Cutaneous Oncology: Clinical Pearls

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George Martin, MD & Ted Rosen, MD

Why field therapy?

Data from Europe using a variety of techniques (including full face cross-polarized light examination, fluorescence photography, high definition optical coherence topography and reflectance confocal microscopy) clearly validate the concept of a “field” of abnormality in close spatial proximity to visible AK lesions.

Facial AKs:

Although we did not mention this in our talk, for those of you who use 5-FU, please remember that the Phase III data on 0.5% 5-FU demonstrated that 1 week of daily use of 0.5% 5-FU cleared nearly 75% of individual AKs. Try: 0.5% 5-FU QD x 1 week, wait 1 month, then follow with 2 -3 weeks QD application to “clean up” remaining AKs. This regiment has gained widespread acceptance by patients and physicians as a more tolerable field therapy. 5% 5-FU BID is equivalent to 0.5% 5-FU and can be used interchangeably.

Ingenol mebutate 0.015% applied nightly x 3 has been a remarkably effective therapy with great patient compliance. However, it’s FDA approval was for limited areas (25 cm2). As a full-face therapy, it appears very effective; however, controlled studies on “full face” clearance/efficacy is pending. Patients need to be counseled that they will experience a moderate to severe “sunburn-like” effect beginning 4 hours after application. This is likely due to its MOA, which includes a direct cytotoxic effect. Analgesia is generally required. Clinically, we have observed while treating full-face, ingenol mebutate is selective for AKs with mild/moderate erythema between AK lesions.

New data, both short term (11 weeks) and long term (one year), support the benefit of using ingenol mebutate in combination with standard liquid nitrogen cryotherapy. Cryotherapy is performed first, and then ingenol mebutate used per approved protocol three weeks late. At one year, the combination therapy has a higher complete clearance rate than cryotherapy followed by vehicle control. Off label, ingenol mebutate appears promising for the management of actinic cheilitis in the three day, FDA-approved regimen. More studies are needed to validate this idea.

If you perform PDT in your practice, and use 1 -> 3-hour ALA incubation periods, recent Phase II studies from DUSA show that 1, 2 or 3 hour incubation periods are roughly equally efficacious (35% – 50% clearance) but 2 treatments 8 weeks apart are required for most patients to achieve >70% individual lesion clearance. To maximize the efficacy of a 1-hour incubation, consider pre-treating with 5-FU for 1 week to the face or 10 days to the scalp then perform a 1 hr. ALA incubation. This combination will eliminate the need for a 2nd PDT. For those patients with refractory facial AKs, consider pretreating for 7 days with 3.75% imiquimod followed by ALA PDT (1-3 hour incubation). Excellent long-term results (18 months) have been observed when destructive techniques such as PDT are combined with immune modulators.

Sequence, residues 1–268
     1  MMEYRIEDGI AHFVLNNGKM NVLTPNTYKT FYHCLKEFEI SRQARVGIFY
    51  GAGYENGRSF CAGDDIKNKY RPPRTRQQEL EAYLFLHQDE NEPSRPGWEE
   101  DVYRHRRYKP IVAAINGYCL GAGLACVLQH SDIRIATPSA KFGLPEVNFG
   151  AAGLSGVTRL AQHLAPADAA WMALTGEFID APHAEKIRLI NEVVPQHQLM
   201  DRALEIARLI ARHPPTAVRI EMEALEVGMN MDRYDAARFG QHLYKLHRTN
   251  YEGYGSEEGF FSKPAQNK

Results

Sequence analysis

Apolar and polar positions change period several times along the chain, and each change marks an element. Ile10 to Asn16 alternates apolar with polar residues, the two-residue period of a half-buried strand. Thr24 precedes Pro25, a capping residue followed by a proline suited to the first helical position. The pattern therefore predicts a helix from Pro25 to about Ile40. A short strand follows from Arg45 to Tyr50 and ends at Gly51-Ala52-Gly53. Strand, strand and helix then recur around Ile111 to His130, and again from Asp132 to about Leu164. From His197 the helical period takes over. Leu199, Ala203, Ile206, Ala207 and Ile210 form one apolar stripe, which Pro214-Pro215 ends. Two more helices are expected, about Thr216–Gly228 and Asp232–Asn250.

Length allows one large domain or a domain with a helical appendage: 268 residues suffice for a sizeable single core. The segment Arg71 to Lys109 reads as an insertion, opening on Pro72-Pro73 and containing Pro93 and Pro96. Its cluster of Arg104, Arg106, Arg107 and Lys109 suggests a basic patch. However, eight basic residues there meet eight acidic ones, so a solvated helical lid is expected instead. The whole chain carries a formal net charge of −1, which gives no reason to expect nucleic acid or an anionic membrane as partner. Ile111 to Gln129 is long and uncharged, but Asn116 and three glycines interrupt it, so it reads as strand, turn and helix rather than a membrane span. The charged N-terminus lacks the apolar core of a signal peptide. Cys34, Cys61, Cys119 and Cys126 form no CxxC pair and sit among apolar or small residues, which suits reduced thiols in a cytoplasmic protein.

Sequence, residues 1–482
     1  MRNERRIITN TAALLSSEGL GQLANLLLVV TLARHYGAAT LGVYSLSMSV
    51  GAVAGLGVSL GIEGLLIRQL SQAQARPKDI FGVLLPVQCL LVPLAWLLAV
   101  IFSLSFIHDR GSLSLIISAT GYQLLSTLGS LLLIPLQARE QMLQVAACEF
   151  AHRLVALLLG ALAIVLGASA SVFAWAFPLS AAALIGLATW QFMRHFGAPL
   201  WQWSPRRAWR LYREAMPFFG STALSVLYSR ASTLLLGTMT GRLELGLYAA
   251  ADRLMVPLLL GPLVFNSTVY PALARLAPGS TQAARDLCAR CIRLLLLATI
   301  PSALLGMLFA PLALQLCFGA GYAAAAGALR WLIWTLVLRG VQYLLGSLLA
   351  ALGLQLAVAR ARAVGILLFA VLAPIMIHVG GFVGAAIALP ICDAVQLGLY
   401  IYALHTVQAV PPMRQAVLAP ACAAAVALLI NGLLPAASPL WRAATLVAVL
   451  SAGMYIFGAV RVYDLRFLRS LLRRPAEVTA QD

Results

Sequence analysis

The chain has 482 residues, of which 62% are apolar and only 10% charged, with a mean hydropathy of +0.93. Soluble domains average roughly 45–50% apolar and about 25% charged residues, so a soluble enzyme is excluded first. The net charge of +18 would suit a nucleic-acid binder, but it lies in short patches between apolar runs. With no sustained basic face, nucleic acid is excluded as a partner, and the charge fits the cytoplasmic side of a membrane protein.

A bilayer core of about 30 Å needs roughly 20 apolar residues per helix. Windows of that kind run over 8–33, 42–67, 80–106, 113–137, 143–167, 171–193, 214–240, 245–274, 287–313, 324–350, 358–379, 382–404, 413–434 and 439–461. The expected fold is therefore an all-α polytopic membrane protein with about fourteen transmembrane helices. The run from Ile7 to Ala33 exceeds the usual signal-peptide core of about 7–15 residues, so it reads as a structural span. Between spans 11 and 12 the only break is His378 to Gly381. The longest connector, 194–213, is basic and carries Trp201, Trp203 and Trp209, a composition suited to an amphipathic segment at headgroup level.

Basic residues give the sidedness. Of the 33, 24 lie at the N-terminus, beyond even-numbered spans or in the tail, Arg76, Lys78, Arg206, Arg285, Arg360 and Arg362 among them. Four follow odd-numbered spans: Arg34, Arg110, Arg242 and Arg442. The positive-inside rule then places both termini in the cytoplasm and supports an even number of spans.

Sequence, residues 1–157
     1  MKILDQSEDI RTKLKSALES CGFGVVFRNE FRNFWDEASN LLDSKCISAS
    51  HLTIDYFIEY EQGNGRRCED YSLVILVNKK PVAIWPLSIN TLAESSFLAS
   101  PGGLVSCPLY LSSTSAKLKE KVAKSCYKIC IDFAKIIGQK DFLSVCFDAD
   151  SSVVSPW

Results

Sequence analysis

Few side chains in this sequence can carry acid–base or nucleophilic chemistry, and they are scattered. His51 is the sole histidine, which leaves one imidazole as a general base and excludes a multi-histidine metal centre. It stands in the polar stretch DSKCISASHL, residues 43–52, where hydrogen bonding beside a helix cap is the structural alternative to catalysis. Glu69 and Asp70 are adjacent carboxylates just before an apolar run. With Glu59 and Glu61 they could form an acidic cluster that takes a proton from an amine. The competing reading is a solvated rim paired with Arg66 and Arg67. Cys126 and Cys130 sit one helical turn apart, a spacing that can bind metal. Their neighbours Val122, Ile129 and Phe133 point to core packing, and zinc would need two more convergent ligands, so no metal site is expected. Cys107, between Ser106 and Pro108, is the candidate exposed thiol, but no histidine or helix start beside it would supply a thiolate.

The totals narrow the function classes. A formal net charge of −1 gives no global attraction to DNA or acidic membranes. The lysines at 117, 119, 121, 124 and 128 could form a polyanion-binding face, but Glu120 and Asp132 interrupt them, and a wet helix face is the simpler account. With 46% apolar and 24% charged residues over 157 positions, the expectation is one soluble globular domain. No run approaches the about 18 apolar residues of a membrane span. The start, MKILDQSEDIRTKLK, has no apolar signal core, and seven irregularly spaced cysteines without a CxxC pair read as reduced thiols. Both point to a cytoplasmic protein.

Can ALA PDT be “painless”?? Try incubating for 15 mins with ALA and then place the patient under the blue light for 1 hour. Preliminary results (G.Martin MD) demonstrate that ALA PDT as monotherapy or in combination with 5-FU or 3.75% imiquimod, employing this technique is in fact “painless”. Individual AK clearance rates of 50% were demonstrated in a proof of concept small patient study. Large-scale studies are warranted to determine efficacy. Network meta-analysis (comparing different techniques against one-another) suggest that PDT is the optimal field therapy for AKs.

The focus of PDT has been aimed at treating AKs. Is there evidence that PDT may prevent BCCs? Data from studies on basal-cell nevus syndrome patients demonstrate long-term clearance and prevention of new BCC development compared to non-treated areas of the trunk following ALA PDT using red light.

The use of 3.75% imiquimod for diffuse facial AKs while effective, results in substantial “downtime” of nearly 6 weeks. Consider 3.75% imiquimod QD x 7 days, 2 weeks rest, followed by once weekly applications. There will be some initial unsightliness during the 1 week of continuous use. Individual AKs are seen to clear with continuous application with minimal irritation. Chronic immune stimulation (>1 year) appears to be helpful in limiting AK recurrences and may prove over time to inhibit the development of invasive SCC. Large-scale studies are warranted.